Friday, December 21, 2007

Memory formed more easily in daytime

As per a new Nature Reviews Neuroscience research highlight , conditioning in zebrafish happened better during subjective daytime (SD) as compared to subjective nighttime (SN) and this effect was mediated by the release of Melatonin during nighttime. the authors conclude that Melatonin suppresses memory formation in Zebrafish.

Learning and memory are known to be influenced by the time of day, but the nature and mechanism of this modulation has been elusive. Now, a new study shows that melatonin, a hormone released in a circadian fashion, affects memory consolidation in zebrafish.

Melatonin release peaks during the night and falls during the day, and melatonin has been shown to affect neuronal firing in the hippocampus. The authors therefore decided to investigate whether melatonin mediates the effects of the circadian system on memory formation. They found that bathing the zebrafish in 50 muM melatonin prior to SD conditioning significantly suppressed memory formation, whereas administration after conditioning or prior to testing had no effect. Furthermore, administration of a melatonin-receptor antagonist prior to SN conditioning significantly improved memory retention, as did removal of the pineal gland, the site of melatonin release.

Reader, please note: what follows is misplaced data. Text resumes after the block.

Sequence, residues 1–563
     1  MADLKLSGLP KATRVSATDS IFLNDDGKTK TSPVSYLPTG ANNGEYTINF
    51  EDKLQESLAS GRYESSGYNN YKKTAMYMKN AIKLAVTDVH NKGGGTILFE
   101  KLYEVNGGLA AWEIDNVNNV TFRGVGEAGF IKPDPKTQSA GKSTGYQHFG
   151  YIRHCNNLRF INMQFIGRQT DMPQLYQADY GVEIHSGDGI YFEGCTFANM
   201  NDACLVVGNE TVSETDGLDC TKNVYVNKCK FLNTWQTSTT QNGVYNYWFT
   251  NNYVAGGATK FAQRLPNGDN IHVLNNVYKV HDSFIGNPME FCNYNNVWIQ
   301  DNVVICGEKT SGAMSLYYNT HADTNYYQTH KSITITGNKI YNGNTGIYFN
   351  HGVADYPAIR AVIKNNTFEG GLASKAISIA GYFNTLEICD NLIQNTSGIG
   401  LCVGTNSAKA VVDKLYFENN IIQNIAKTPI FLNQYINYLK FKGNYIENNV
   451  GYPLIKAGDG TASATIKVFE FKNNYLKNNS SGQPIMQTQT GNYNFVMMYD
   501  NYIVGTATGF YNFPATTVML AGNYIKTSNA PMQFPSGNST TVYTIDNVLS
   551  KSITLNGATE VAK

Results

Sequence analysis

Taken together, these results show that memory formation in zebrafish is inhibited during the night relative to the day, and that this modulation is mediated at least in part by circadian melatonin release. This might direct future research into improving mental performance in humans.

While extending the research results from zebrafish to humans may be premature, some simple studies with human subjects can confirm the effect of melatonin on human learning. and memory formation.

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